Chicago NATO, G8 Protesters Request Demonstration Permits, May Sue City Over New Rules

Activists Prepping NATO, G8 Protest Permits May Sue City Over New Rules

Activists preparing to demonstrate against Chicago's concurrent hosting of the G8 and NATO summits at the city's McCormick Place in May applied for demonstration permits Tuesday morning, the first day they were legally allowed.

The activists did not anticipate a rosy reception, per a statement from the Chicago Coalition Against War & Racism. The group is dismayed that Chicago Police Department Superintendent Garry McCarthy has threatened mass arrests of G8/NATO protesters. Further, they point out that Mayor Rahm Emanuel has pushed not only for harsher fines for protesters deemed to be in violation of city codes, but also an expansion of requirements the coalition called "ridiculously burdensome."

Last month, Emanuel announced that the fine for resisting a police officer, for example, would be more than doubled from its current range of $25 to $500 to $500 to $1,000. The mayor's ordinance also amended the hours of public parks, playgrounds and beaches in accordance with the Chicago Park District's hours of operation. The proposal also green lights the CPD's ability to enter into agreements with other agencies, such as the FBI or Illinois State Police, in order to manage the expected protesters.

The proposal was initially thought to only apply to the upcoming G8 and NATO summits, but the Chicago Tribune reports that the mayor's office admitted the new regulations will be permanent.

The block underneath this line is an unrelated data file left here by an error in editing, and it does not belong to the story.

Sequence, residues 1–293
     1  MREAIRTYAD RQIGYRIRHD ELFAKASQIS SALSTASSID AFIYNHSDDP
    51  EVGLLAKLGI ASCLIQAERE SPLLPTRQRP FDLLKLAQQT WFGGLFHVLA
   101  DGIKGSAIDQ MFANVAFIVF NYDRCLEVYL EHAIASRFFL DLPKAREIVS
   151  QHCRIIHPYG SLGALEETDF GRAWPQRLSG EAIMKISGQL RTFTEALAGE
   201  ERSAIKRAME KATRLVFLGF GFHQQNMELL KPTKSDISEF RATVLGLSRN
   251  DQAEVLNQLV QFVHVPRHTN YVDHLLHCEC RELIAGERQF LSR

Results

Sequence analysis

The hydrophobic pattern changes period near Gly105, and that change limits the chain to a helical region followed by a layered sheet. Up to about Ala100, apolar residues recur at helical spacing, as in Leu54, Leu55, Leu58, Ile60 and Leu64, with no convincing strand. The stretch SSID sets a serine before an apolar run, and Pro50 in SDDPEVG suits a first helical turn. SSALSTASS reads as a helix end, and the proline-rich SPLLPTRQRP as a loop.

In addition to the already publicized details of the proposal, Emanuel's ordinance would require organizers to provide a parade marshal of their own for every 100 demonstration participants and limit their usage of a bullhorn to between the hours of 10 a.m. and 8 p.m. The duration of legal demonstrations would be reduced by 15 minutes to just two hours, according to the Tribune.

Andy Thayer, a leader of the activist coalition, told CBS Chicago that he was alarmed by the proposal, which presents significant obstacles to the coalition's planned May 19 rally at Daley Plaza, followed by a march to the McCormick Place.

"I think we need to really push back on the mayor on this one. It's outrageous," Thayer told CBS. "They're making it much more difficult to grant them. It's basically shifting all of the goal posts in the administration's favor."

Emanuel previously countered that he recognized that protesters "have the right -- which I believe firmly in -- of expressing themselves, and their First Amendment right needs to be protected" but added that the city also has the right, and obligation, "to enforce the law and to protect the law." Both of those things can and will be accomplished concurrently, the mayor urged.

Long-time Chicago activist Don Rose said Tuesday the new rules could actually encourage the sort of 1968 Democratic National Convention-esque confrontation the mayor's office would probably like to avoid. Activists may sue the city if the proposal is approved, NBC Chicago reports.

"The more pugnacious the city gets, the more provocative it becomes," Rose said, according to NBC.

The City Council is slated to consider Emanuel's new regulations governing demonstrations during their next meeting on Jan. 18.

Photo by World Can't Wait via Flickr.

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